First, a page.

Title

Graduate

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Their names are Rene, Luis, Kevin, Jose Alfredo, Tanya, Jose, Humberto, Maria Guadalupe, Yesenia, Marco, and Jose. They're the most recent troops headed to college to engage in the battle of life and the struggle to uplift California.
I spoke to the group, their parents, and some civic leaders last week at an early morning awards breakfast next to the Rose Bowl. All of them are recipients of a Pasadena City College merit scholarship whose funds were raised by community members. It'll help them pay for the four-year education they're set to begin in the fall. From the podium I rattled off some bilingual college-themed jokes and passed on advice about personal growth and the need for empathy and love in the world now. It struck me, as I stepped away from the podium, that I'd been talking to youth who are a lot like a large part of the state's youth today. Civic leaders and education researchers say success for these students can only be good for our state.
A nose-ringed student with dreadlocked hair thanked his family for the support to finish community college and confessed that despite his looks he's a "nerd in disguise." He wants to practice engineering without borders and has no problem doing it pro-bono.
Another student talked about growing up with the echoes in his room of shootings down the street from his house. Now, he wants to pursue a business economics degree to return to his neighborhood and start business ventures that benefit the area instead of solely taking customers' money.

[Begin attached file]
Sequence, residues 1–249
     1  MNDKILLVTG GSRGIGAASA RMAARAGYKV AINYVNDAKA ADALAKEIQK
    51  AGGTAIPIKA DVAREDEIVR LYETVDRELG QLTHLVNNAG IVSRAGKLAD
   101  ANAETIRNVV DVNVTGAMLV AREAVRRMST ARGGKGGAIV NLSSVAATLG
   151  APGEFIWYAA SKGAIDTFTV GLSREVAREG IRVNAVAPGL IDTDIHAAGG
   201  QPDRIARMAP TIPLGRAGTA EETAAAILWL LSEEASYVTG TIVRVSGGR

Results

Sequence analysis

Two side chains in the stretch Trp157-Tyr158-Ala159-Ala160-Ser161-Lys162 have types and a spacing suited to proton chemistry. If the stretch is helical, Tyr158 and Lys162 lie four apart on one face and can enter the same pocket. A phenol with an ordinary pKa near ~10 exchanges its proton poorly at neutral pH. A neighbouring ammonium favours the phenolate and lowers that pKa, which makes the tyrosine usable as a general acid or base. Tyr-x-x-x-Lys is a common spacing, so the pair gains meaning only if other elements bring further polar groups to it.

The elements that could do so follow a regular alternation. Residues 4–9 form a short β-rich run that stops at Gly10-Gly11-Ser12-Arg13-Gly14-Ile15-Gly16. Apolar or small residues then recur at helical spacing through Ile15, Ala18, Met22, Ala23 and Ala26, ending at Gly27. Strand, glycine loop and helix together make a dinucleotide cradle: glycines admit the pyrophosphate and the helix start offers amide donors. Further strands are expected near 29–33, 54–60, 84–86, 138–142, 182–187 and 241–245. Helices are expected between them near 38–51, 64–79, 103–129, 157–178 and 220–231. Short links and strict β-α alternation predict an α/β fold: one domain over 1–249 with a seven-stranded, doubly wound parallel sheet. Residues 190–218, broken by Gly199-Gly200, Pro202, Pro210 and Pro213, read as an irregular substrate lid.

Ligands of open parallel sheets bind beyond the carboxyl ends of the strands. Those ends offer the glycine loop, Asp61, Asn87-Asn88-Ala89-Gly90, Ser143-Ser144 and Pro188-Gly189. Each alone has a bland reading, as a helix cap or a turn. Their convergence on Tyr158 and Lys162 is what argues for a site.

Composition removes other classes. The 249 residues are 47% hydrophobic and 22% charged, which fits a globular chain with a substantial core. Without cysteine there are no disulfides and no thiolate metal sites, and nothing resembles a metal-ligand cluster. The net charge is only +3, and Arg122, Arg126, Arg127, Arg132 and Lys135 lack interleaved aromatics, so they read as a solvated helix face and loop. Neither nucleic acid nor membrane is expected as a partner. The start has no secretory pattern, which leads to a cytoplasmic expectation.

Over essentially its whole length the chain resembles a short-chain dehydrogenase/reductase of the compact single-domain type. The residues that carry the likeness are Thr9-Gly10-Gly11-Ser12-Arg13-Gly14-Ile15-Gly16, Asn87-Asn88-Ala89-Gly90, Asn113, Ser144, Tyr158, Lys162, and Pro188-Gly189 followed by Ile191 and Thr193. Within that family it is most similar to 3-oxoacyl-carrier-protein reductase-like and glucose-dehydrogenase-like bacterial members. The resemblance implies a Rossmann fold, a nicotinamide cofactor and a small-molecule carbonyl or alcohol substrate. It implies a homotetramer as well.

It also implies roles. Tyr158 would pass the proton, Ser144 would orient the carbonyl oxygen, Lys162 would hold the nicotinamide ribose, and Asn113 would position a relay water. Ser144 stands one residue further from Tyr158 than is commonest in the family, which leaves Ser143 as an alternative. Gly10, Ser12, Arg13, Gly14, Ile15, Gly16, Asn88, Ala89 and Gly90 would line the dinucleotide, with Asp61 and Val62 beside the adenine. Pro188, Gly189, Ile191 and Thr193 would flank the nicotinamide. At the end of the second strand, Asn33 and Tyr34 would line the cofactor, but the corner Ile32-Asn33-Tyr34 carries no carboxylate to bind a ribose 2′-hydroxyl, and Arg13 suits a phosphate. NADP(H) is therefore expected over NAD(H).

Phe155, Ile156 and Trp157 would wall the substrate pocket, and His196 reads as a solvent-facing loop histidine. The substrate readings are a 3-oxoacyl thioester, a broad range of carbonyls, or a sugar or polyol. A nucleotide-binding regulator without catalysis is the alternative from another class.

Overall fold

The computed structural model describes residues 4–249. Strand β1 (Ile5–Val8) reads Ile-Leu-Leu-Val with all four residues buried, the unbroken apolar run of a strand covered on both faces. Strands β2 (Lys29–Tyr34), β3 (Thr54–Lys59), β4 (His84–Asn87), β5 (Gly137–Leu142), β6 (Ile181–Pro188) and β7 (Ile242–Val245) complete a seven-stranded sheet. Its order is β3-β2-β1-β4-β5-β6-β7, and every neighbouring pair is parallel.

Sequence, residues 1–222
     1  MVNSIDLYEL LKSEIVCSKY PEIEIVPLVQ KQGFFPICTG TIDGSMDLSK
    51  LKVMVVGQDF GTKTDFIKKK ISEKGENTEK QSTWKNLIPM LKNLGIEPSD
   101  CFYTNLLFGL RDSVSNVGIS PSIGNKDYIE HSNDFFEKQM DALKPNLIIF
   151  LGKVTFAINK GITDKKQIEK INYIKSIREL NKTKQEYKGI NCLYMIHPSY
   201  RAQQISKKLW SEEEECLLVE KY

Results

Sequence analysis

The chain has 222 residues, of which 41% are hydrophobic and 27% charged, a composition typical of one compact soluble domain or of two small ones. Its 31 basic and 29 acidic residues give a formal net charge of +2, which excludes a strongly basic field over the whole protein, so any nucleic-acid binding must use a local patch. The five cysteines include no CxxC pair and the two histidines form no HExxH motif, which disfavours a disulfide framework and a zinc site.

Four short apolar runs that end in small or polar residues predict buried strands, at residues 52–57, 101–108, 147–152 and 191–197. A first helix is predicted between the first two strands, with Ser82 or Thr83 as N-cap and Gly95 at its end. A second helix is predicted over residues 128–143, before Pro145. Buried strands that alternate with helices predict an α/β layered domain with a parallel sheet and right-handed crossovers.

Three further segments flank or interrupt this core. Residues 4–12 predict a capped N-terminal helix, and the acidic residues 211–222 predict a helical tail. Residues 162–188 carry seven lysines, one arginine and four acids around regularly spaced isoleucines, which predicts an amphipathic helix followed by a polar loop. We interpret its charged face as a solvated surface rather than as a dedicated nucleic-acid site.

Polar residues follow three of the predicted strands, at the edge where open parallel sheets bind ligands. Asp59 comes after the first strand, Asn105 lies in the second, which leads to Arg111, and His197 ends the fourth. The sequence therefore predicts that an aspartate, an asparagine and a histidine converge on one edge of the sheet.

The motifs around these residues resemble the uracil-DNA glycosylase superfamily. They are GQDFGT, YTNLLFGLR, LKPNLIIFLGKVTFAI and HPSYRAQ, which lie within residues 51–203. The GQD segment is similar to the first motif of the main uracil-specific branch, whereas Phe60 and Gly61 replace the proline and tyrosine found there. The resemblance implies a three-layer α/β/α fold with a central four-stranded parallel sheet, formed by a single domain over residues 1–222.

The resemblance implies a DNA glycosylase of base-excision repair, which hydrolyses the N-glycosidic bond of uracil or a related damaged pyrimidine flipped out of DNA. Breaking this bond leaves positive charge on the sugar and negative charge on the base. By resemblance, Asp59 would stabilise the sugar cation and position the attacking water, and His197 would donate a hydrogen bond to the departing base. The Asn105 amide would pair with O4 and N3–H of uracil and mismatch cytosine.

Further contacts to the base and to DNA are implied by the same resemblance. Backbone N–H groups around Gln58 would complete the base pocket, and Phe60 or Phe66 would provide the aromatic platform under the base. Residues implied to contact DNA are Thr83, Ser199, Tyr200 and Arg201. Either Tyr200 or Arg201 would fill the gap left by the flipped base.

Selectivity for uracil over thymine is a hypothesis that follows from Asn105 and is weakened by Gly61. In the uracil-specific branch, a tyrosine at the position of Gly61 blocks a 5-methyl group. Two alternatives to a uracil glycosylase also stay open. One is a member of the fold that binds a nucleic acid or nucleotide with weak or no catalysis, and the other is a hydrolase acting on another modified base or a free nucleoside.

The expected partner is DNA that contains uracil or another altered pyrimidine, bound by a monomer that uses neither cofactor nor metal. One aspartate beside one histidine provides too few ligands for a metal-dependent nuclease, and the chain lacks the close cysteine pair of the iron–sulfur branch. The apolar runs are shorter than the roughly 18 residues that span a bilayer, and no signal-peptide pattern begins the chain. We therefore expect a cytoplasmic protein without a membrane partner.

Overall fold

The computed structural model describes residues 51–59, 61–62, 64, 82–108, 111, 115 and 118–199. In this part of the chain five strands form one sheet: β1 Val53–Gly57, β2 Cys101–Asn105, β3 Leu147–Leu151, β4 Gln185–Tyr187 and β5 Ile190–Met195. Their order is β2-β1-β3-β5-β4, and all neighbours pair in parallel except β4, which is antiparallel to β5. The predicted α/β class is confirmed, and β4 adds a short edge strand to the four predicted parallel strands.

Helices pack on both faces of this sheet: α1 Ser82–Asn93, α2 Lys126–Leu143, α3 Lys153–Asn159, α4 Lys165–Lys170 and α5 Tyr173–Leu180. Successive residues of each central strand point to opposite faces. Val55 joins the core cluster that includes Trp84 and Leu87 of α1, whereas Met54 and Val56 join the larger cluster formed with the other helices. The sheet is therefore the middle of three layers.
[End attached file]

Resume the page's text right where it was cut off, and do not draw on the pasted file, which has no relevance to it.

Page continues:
33 year-old Tanya Jimenez talked of dropping out of Metropolitan High School after she found out she was pregnant. With her son beside her after the ceremony, she held a California's State Senate recognition for her merit scholarship. A job as a field deputy for a Los Angeles city council office, she said, opened her eyes to how important it is to provide public services to people in need. Her goal is to earn a communications degree at Cal State L.A. and one day rise in the ranks of politics, perhaps to serve as a deputy mayor one day.
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Humberto, a soft-spoken 19 year-old, talked of how the current immigration climate has convinced him to pursue a career as an immigration lawyer. No matter how hard he works and no matter how much he achieves in college, if immigration laws don't change he will never reach his goal. Humberto's parents brought him to the U.S. when he was four years-old without proper immigration documents. He didn't break any laws, he said, the United States is all he knows.
He's led a life unlike that of the average teen. He has no drivers' license, he doesn't stay out at night for fear of coming into contact with police, and that leads to a nearly empty social life. The new Arizona law that allows police to enforce immigration laws, he said, promotes racial profiling. It's hypocrisy, he added, that America preaches equality and opportunity while allowing this law on the books. He's moving forward, with the nearly blind hope that he can attend UC Berkeley or UC Riverside and then earn a law degree.
These are the troops trudging up from the trenches to improve their lives and the state's economy in the process. The sky may appear to be falling in California but the hope in these students' voices made me want to spend a little more time with them just in case this optimism thing is contagious.

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